What makes a wave dispersive?

Water waves are dispersive ( longer wavelengths travel faster ) but sound waves in air are not, otherwise we would listen first the high frequencies and the low frequencies after.

What decides if a wave will be dispersive or not?

This question has been asked again. I am looking for an answer or a comment that explains the physical reasons behind the mathematics.

• The physical reason is that you have not paid attention: sound most certainly disperses in air. Listen to a thunderclap: first you hear a high crack, then later on a low rumbling. – Carl Witthoft Apr 13 '16 at 19:33
• I'm voting to close this question as off-topic because its assumptions are wrong – Carl Witthoft Apr 13 '16 at 19:33
• @CarlWitthoft Why not, you are right. But the essence of the question is why waves are dispersive – veronika Apr 13 '16 at 20:29
• "What makes a medium dispersive?" seems to be the essence of the original question. As discussed below, a medium can be dispersive if it has some natural frequency that governs the medium's response to incident frequencies. The natural frequency is determined by the physical constraints on the medium's constituent bodies. – curiousStudent Apr 13 '16 at 20:54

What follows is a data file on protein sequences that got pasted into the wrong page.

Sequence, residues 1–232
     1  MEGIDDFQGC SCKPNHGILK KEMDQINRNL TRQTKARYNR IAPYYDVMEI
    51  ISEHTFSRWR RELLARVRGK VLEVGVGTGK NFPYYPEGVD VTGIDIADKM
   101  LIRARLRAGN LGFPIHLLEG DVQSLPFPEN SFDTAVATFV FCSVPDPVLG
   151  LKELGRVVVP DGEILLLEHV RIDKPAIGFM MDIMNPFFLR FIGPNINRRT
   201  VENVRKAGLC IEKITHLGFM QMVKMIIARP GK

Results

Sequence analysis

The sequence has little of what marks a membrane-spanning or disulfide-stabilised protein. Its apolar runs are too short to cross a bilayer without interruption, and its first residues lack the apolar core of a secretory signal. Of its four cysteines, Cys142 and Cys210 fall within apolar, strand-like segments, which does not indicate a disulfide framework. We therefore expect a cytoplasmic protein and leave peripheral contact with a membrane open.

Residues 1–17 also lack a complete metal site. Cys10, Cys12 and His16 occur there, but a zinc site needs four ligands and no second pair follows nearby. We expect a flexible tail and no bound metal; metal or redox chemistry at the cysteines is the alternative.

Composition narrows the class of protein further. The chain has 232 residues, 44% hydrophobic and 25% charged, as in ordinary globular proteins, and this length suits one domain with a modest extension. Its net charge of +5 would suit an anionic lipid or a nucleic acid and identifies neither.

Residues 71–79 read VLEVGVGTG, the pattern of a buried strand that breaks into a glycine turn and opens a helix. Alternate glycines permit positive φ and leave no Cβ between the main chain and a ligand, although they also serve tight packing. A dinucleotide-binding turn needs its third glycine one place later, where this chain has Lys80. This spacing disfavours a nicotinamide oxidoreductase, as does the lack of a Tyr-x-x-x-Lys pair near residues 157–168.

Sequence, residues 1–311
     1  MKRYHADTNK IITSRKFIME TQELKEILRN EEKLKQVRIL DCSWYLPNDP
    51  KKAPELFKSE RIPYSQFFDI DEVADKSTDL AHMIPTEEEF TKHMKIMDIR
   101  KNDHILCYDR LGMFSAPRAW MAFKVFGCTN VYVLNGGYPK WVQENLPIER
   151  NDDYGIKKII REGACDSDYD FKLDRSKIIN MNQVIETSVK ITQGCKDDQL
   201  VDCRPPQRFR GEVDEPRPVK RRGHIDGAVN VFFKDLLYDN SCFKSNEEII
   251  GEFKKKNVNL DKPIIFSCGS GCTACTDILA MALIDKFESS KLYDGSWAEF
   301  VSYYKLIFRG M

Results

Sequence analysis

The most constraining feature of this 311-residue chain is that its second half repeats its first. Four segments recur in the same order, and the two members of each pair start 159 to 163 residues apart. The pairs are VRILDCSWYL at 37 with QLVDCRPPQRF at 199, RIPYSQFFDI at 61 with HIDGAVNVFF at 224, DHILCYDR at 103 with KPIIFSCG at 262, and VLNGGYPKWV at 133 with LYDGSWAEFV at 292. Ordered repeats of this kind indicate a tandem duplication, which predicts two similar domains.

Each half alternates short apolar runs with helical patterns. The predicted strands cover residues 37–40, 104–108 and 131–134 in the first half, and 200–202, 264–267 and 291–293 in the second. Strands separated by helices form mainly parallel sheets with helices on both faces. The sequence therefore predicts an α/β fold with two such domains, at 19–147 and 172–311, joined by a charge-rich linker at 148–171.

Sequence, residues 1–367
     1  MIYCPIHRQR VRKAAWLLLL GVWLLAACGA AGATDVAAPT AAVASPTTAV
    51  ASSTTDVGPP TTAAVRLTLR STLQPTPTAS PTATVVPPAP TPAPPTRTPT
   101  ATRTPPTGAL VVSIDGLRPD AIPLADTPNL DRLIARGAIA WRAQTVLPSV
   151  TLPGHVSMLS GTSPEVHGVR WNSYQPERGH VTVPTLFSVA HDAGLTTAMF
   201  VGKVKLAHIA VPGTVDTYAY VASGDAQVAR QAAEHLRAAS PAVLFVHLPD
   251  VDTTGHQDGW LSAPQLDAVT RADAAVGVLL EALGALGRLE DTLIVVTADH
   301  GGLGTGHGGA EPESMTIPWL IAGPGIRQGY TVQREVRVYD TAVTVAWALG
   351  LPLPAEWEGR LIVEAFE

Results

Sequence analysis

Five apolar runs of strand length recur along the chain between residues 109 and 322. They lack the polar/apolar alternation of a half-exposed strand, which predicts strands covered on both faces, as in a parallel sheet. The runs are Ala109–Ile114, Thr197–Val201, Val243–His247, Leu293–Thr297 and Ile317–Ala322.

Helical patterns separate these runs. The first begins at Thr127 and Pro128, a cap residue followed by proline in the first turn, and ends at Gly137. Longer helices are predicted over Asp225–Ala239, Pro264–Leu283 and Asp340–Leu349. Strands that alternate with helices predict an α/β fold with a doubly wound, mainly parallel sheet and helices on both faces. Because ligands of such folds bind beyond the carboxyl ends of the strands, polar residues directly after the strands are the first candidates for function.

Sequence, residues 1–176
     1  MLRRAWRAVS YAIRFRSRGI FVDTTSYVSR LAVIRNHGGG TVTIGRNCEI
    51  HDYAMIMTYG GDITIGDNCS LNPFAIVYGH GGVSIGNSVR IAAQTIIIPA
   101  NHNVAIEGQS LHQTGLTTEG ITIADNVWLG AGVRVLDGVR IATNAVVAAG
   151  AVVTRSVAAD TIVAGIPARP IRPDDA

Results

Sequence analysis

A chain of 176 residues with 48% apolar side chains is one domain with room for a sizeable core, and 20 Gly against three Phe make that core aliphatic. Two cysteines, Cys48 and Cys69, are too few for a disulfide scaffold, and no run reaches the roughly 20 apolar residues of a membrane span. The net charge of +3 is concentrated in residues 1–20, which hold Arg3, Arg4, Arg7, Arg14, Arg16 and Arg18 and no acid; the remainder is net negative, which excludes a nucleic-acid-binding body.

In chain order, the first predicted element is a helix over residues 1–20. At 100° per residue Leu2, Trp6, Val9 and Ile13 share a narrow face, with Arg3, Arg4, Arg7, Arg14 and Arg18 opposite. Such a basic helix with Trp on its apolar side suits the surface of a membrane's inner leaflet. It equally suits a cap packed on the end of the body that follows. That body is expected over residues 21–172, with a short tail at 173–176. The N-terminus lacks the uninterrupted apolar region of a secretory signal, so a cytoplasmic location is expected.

• Closing questions because the assumptions are wrong? Why not correct those assumptions with an answer instead? – Kyle Kanos Apr 14 '16 at 10:29

As a result, the equation for the speed of sound in an ideal gas is $c^2 = \gamma P/\rho$, with $c$ the speed of sound, $\gamma$ is the adiabatic constant for the gas, $P$ the gas pressure, and $\rho$ the gas density; other formulas are equivalent. Note that intensity and frequency do not appear in this equation. Hence sound is non-dispersive over wide ranges, given stable atmospheric conditions.